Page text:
Analysis

Five Stories Afraid of Their Own Premise

Of course this group of hardened insurgents was given uniforms. Why wouldn't they be?

Every story has a premise that shapes what will happen. Some premises are good, like “a neglected orphan goes to a secret school for wizards.” Some premises are bad, like “a teenager gets into an abusive relationship with a vampire.” But no matter if the premise is good or bad, it will have a strong influence on how the story turns out.

That is, unless a story refuses to follow through on its own premise. Then you get strange stories that just don’t feel right. The author promised something but didn’t deliver. Sometimes it’s missed dramatic opportunity; sometimes it’s a lack of logical sense. Either way, the story suffers. Take a look at these five stories, each of which is afraid of its own premise.

1. Beauty and the Beast

The Beast and the Prince side by side.

Throughout its many incarnations, this is the story of a beautiful woman falling in love with a hideous beast, and the power of that love turns him back into a prince.* We’re most familiar with the Disney version, complete with singing teapots and a rose under glass, but many other adaptations exist. In the original novel by Madame de Villeneuve, all the Beast had to do to change back was sleep next to Belle, but in most versions since, he’s needed Belle to fall in love with him despite his hideous looks.

The problem is that the Beast is almost never actually ugly. In both Disney’s animated and live action versions of the story, the Beast is very appealing from a visual perspective. He’s a majestic creature with luxurious fur and a suit that fits perfectly. Because he spends so much more time in Beast mode, a lot more effort goes into those visuals, and his human appearance is always some generically attractive guy.

This badly sabotages the story’s urgency. In Disney’s version, the Beast must get Belle to love him before the last petal falls off a rose, or he’ll stay a beast forever. But so what? He seems fine as a beast. If he has a problem, it’s that he’s lonely, and Belle certainly doesn’t have any issues with his looks. The worst-case scenario is that he gets to stay as this awesome-looking monster. There’s more urgency if you consider that his servants will be stuck as objects forever,* but that’s never what the story focuses on.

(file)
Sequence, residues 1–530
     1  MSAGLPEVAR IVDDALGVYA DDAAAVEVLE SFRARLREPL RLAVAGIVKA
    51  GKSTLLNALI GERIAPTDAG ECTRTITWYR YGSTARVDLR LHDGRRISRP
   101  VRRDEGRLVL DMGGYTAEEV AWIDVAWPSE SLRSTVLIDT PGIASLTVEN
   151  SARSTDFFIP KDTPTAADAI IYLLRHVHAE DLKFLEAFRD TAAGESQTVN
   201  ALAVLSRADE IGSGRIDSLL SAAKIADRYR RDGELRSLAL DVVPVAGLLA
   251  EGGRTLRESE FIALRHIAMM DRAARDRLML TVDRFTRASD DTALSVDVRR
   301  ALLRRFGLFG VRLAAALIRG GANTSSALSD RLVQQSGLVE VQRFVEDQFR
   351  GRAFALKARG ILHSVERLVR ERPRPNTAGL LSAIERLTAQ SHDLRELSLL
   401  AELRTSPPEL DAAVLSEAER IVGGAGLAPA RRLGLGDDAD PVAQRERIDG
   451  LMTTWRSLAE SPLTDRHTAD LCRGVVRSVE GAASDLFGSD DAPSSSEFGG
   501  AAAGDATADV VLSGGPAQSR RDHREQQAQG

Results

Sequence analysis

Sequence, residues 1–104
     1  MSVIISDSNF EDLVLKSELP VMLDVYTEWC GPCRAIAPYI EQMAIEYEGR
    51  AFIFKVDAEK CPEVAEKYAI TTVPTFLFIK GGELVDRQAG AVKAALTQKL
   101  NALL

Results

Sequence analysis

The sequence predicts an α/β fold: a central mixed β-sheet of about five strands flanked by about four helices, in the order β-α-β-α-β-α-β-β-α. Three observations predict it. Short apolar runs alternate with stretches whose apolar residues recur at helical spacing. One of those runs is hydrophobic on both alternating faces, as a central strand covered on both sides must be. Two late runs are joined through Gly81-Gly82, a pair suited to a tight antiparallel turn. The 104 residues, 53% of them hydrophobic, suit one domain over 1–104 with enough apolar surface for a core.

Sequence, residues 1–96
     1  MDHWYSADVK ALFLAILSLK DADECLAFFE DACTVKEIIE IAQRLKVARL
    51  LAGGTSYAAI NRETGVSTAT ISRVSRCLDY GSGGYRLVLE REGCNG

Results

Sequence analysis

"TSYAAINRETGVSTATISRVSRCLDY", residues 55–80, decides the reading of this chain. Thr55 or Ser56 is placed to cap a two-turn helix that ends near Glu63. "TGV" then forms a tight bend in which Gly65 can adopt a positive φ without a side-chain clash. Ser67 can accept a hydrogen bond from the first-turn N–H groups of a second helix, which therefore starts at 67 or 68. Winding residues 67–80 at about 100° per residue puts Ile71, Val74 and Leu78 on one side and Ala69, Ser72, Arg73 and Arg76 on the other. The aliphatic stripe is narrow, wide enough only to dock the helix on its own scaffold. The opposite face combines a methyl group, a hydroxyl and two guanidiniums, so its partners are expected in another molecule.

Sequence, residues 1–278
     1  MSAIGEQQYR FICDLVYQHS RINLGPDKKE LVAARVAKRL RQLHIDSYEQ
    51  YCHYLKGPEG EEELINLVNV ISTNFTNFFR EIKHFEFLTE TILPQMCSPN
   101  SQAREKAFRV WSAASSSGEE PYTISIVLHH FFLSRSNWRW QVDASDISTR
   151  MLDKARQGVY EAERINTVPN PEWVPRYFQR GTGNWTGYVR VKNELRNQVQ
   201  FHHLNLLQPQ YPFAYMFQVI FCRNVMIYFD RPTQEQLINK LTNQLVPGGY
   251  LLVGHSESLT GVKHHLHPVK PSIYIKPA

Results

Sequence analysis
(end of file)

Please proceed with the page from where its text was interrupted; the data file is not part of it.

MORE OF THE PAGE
The ending’s payoff is also lacking, because turning into a generic prince actually seems like a step down for many viewers. Certainly when people think of the two leads from that movie, they aren’t imagining Belle and some red-headed human. The movie’s real climax is when the Beast lives despite his wounds. His transformation back into a human is an awkward epilogue.

The underlying cause here is that despite the story’s conceit that the Beast is ugly, no creative team will actually show him as ugly because he’s part of a romance. Everyone has to be beautiful in a romance, even the vicious monsters who kidnap women and hold them prisoner for no reason.

2. Harry Potter and The Deathly Hallows

Ron and Hermione in one of the many camping scenes.

The first six Harry Potter books fulfill their premises beautifully. Harry and friends go to Hogwarts, learn some magic, and stop whatever problem is brewing at the school that year. The stakes get higher with each book, up to and including world domination from You-Know-Who, but the conflict itself is always confined to Hogwarts.

That is until book seven when everything explodes. Voldemort takes over the ministry of magic, muggle born wizards and their sympathizers are rounded up, and dementors prowl the land! Not only are the stakes higher in this book, but also the conflict is more spread out, with Voldemort’s grip felt throughout Britain.